Electronic Health Record Vendors Collaborate to Enhance Interoperability in Multi-State Health Information Exchange: Beacon Community

Rationale / Objectives

For the most part, patient information is stored with each provider in systems that are disparate and lack the capability to communicate with each other. An estimated 40% of unnecessary healthcare spending can be attributed to challenges in accessing patient data. In addition, 44% of patient-physician encounters are at risk of resulting in an adverse event due to poor quality clinical documentation. Missing information has also been implicated in delayed care and increased utilization of healthcare services in about 60% of cases. The Office of the National Coordinator for Health Information Technology (ONC) wanted to ease the exchange of patient information (such as baseline labs and images, medication and allergy history) via Health Information Exchange (HIE) in order to reduce duplication of tests and procedures, unnecessary admissions, length of stay, complexity of stay, adverse drug events and the amount of data that needed to be collected. [2]

Project/Program Description & Major Achievements

The ONC established the Beacon Community Program in 2010. The participating communities worked with EHR vendors, and came to an agreement on a minimum data set for sharing clinical data consistently. They built upon the previous work of the Multi-State EHR/HIE Interoperability Workgroup. The collaborative was able to unify 7 disparate vendors representing over 45% of the ambulatory Electronic Health Record (EHR) market in order to enable health information exchange across 17 communities located in different states, leading to a decrease in Emergency Department visits in the majority of participating communities. [3]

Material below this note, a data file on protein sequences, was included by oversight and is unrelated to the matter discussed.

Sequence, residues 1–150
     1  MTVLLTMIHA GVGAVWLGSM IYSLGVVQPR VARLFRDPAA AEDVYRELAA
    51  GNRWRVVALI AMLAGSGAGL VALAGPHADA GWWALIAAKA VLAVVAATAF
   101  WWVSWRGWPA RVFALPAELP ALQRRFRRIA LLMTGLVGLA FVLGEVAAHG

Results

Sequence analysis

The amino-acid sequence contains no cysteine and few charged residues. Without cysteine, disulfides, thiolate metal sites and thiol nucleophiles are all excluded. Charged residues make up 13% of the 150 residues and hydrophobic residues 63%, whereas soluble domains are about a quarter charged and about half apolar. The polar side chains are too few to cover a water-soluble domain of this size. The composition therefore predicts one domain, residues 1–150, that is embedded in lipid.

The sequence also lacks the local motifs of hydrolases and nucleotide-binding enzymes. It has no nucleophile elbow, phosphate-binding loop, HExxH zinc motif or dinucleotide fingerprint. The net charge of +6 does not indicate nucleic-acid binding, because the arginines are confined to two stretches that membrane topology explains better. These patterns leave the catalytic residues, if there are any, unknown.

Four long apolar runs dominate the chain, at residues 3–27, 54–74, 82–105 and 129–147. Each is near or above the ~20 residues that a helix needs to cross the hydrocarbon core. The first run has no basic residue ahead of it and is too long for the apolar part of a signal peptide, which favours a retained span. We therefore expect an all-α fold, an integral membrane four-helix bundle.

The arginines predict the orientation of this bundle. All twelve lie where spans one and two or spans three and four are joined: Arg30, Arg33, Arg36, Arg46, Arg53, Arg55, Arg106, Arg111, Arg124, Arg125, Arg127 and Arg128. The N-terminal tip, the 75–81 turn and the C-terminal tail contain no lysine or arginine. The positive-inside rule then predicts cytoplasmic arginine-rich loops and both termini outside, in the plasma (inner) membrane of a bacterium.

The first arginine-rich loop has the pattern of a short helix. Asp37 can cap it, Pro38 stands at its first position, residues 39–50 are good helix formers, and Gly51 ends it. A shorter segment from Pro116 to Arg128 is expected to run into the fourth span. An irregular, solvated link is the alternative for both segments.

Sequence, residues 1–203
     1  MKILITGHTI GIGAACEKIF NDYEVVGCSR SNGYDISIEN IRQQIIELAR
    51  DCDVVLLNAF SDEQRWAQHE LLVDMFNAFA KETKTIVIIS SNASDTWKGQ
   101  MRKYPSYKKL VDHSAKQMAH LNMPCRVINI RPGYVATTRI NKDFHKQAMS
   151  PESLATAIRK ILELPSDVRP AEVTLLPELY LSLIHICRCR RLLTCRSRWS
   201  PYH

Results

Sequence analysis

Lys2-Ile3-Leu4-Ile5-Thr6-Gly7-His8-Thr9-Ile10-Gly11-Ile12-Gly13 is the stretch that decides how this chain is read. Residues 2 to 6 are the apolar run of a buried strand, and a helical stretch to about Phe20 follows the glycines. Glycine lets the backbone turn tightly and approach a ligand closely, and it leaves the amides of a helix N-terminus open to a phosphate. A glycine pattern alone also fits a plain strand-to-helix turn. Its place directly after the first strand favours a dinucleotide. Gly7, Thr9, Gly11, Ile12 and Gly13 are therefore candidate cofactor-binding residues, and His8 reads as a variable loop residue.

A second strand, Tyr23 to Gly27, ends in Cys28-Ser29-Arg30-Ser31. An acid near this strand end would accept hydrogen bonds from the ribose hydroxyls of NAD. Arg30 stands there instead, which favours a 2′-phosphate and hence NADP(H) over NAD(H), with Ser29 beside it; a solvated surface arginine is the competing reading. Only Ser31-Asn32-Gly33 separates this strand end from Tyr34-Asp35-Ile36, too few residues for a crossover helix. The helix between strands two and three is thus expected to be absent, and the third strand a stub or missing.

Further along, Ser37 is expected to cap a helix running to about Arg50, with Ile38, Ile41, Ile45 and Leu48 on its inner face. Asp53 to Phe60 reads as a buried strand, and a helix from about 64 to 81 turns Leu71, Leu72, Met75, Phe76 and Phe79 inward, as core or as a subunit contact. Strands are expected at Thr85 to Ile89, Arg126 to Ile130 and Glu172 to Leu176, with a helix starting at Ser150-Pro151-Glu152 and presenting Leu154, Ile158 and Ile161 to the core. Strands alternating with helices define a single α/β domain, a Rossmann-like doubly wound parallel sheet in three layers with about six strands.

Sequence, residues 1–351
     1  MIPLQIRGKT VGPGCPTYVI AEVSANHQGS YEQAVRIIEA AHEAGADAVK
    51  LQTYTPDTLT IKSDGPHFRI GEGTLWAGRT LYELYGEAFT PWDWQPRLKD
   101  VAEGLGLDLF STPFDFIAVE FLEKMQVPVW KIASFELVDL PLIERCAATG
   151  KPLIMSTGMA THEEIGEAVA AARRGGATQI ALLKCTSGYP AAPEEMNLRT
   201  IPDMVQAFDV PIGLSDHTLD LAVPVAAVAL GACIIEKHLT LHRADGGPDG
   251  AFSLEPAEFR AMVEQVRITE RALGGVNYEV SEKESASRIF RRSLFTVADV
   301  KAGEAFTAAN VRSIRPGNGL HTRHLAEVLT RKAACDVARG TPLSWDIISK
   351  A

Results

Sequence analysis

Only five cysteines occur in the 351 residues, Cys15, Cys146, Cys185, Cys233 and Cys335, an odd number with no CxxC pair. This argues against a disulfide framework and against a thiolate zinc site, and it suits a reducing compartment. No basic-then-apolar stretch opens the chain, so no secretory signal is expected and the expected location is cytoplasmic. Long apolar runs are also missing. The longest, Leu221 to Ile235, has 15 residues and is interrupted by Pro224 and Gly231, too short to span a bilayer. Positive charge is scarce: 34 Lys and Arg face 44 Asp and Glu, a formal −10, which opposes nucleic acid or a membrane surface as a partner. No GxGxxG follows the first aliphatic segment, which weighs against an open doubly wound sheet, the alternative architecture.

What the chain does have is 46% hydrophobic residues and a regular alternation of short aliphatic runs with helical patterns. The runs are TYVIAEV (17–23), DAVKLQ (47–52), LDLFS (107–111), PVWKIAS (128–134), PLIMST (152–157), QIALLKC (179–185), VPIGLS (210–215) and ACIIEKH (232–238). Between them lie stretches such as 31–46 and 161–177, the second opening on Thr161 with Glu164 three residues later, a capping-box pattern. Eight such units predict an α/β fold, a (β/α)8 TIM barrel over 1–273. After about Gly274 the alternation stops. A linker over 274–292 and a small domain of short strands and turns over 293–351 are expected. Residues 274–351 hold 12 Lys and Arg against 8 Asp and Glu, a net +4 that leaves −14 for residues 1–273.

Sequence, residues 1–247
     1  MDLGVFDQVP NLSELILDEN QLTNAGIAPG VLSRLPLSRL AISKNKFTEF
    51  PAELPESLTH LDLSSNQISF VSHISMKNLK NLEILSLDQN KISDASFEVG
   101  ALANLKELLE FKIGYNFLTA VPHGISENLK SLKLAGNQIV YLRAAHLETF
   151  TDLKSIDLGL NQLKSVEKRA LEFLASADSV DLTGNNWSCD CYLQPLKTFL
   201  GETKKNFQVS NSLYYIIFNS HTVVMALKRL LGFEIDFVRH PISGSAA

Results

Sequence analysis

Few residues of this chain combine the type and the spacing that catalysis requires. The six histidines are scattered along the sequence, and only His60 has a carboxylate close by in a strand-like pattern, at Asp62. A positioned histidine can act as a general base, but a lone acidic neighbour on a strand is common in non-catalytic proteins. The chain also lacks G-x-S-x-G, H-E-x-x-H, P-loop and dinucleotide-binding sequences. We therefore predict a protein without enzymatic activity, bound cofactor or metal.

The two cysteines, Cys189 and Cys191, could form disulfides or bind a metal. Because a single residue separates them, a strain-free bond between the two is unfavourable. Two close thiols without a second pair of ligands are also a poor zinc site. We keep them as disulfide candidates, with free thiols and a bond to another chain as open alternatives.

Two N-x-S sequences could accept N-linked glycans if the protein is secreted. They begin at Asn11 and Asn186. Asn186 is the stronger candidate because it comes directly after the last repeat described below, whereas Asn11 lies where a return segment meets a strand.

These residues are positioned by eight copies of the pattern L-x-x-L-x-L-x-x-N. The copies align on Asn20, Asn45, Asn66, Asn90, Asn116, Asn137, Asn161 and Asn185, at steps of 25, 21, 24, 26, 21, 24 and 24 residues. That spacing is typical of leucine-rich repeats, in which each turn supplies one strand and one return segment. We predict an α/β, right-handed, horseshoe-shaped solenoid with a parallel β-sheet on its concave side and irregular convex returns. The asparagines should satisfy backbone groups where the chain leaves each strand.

Lessons Learned

Programs and applications such as analytics and care coordination were seen as equally valuable as actual infrastructure, necessary but lacking in most areas. To maximize effective use of the EHR, training and retraining was necessary. Return on Investment (ROI) and other profitability ratios were important tools for engaging stakeholders. CFOs should be engaged from the start of the project in order to facilitate financial backing for the project’s initiatives. Health Information Exchange (HIE) initiatives should start from a place of agreement. In Beacon Community’s case, they were able to reach consensus on Meaningful Use as a core feature of the HIE, which helped solidify the collaborative and align goals. Relationship building and leadership was identified as an essential component to success. [4]

Further Description

The collaboration blended together 17 Beacon Communities of roughly 62,000 healthcare providers (serving almost 18.5 million patients) and 7 EHR vendors (who collectively constituted 45% of the ambulatory EHR market share. Funding was provided by the Office of the National Coordinator for Health IT (ONC) in the amount of $250 million over 3 years. The chosen communities were unique in their patient population, and had already made progress in EHR and HIE infrastructure towards the broader goals of sustainability, measurable improvement and innovation. Enhanced HIE infrastructure created possibilities for analytics on a community-wide level. Connectivity was extended to care delivery partners outside of the core, including ambulances and post-acute care providers, in order to maintain the integrity of the continuum. [4]

Major Achievements

Metric Result Additional Detail
Emergency Department visits Decreased Providers at 8 out of 14 Beacon Communities outperformed a matched national comparison group  [3]
Number of communities exchanging data 17 [3]